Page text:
In terms of what books do I tend to read and reread, number one is Homer’s Odyssey in the original (back when I could still read ancient Greek, Homer’s Doric Greek was my favorite dialect) and in translation. Every time a new translation comes out, I read it. And I have read Robert Fitzgerald’s translation a half-dozen times, including once during a “blue voyage” of Turkey’s Mediterranean coast – very near the places that are the settings for the poem’s events. Interestingly, one pretty good translation of the Odyssey is the one by T.E. Lawrence, also known as Lawrence of Arabia.
Q: What is your favorite memory from school?
A: That’s a hard one, just because there are so many good memories for me from many years of school (over 20 and counting, excluding my time on the teacher side of the room). I have been privileged to attend excellent schools from kindergarten through a Ph.D. Wonderful memories include brilliant lectures by teachers, interactions with teachers and schoolmates in classroom and non-classroom settings, and moments when teachers or classmates found something I said or did or wrote to be especially valuable or noteworthy. My time at high school was especially joyful for me, but the part that stands out is basically all of it. It was a residential school, so we were immersed in learning 24/7. Even leisure activities often involved our teachers, so we could learn from them (and from each other) in unstructured time as well as in the classroom.
I almost feel that by singling out particular memories or teachers I’d be unfairly ignoring others. So maybe I can highlight the pleasure of free reading time in school libraries. I love libraries as places to do research, but I also love just finding a secluded chair in a library where I can settle in with a book – maybe one I’ve brought with me, or have just sought out, or maybe one I’ve just happened across by accident (I have a thing for open-stacks libraries, even though I’m told they’re going the way of the dodo bird, at least in academia).
OK. Here’s a pair of favorite memories from a college seminar devoted to reading Homer (in Greek). One was when I went to class incompletely prepared, but somehow managed to deliver an excellent translation of a difficult passage on the spot. Another was a particularly good extended argument – this time I prepared scrupulously in advance – about the ethics of a particular passage in the Iliad.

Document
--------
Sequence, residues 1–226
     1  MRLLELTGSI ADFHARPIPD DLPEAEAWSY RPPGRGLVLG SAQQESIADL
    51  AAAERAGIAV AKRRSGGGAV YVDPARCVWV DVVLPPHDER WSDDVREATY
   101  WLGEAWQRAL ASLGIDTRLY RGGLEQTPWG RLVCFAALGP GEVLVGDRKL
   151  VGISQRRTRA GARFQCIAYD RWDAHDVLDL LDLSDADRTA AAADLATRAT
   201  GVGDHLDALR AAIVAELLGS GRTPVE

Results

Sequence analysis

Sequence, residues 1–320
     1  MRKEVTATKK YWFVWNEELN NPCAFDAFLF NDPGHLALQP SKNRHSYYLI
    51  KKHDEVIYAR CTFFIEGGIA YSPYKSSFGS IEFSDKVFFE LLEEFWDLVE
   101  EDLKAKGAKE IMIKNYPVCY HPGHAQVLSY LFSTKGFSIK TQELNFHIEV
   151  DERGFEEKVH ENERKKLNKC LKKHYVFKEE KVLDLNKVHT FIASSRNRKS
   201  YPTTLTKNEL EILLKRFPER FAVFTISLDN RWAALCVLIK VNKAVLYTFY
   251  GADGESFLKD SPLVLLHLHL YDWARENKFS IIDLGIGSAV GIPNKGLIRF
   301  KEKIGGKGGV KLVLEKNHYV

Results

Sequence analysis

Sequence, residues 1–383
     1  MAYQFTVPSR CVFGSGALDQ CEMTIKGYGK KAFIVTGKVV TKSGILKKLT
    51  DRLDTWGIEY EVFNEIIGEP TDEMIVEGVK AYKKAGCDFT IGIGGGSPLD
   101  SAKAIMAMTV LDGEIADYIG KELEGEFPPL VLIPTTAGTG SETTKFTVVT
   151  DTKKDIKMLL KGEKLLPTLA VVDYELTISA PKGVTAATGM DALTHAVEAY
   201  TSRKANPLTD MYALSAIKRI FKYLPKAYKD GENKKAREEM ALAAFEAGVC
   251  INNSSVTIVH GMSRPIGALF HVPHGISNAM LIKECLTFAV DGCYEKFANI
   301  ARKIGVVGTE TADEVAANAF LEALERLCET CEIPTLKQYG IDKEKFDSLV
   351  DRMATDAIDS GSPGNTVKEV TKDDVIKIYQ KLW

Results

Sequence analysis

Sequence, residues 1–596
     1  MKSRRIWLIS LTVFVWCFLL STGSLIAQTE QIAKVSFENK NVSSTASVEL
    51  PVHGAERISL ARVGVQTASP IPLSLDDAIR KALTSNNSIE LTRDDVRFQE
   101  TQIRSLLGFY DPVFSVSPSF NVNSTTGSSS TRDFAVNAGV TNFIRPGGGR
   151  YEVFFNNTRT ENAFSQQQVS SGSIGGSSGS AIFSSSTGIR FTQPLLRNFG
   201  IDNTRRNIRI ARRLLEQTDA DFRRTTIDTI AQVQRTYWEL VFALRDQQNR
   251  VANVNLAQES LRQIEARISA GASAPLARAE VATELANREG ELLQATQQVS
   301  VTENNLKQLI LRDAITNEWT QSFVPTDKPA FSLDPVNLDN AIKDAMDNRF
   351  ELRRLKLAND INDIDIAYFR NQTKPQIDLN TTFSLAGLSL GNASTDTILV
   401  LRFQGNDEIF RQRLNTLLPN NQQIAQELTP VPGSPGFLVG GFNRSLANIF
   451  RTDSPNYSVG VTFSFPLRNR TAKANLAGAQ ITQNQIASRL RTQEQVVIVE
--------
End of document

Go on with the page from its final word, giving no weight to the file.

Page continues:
Q: What about traveling to Tanzania are you most excited for? What are you most nervous about?
A: Most excited about – probably the mountain and the natural setting, just because that’s been on my mind for 50+ years. But I’m also very excited to contribute to the work of LCRC and TDS, and to experience the people and culture of Tanzania. I’m also really looking forward to seeing a new country – actually a whole new continent for me, since I’ve never been to any place in Africa before – and visiting my former student.
Most nervous: maybe the climb itself. I haven’t been camping for over 40 years, and I know that the high altitude is very challenging for even physically fit people. And of course there’s always the general nervousness of making a very long journey to a new and unfamiliar place: did I pack everything I’ll need? Am I going to be able to act appropriately? Will I get lost? Will I get some annoying travelers’ disease and be a nuisance to myself and the others? But all of this can be mitigated by preparation, and I know I’m traveling with an experienced and well prepared group!
Q: Why is it important that your friends, family, or acquaintances donate to your personal fundraising goal?
A: Because otherwise I’ll have to make up the difference myself! Seriously, this is an opportunity to share the joy as well as the material advantages of learning, with children who might otherwise have less access to that. I won’t say that this is the only place or the only cause in that place that deserves their support, but I certainly think that it is a good enough cause to be worth supporting. It promotes equality of opportunity, economic development, citizenship and democracy, and all the other personal and social benefits of an educated population. Plus, of course, it’s a chance to share with children the immediate and intrinsic joys of reading, writing, and learning that we enjoyed as children and continue to enjoy as adults. (As an aside, I did check it out with a former student, now a management consultant, because I know he was often critical of well-intentioned but unhelpful American charity efforts in Tanzania. He said this is legit, and I should do it.)
Q: Is there anything else you want TDS followers to know about you?
A: I am grateful to be in a position to participate in this program. It’s a great opportunity to help school-age children enjoy access to the privileges, economic advantages, and sheer joy of knowledge that come from education, reading, and writing. And it’s a great thrill to travel to Tanzania and the mountain. I really appreciate the many privileges that make it possible, and I hope I can contribute in whatever way to making similar privileges available to others.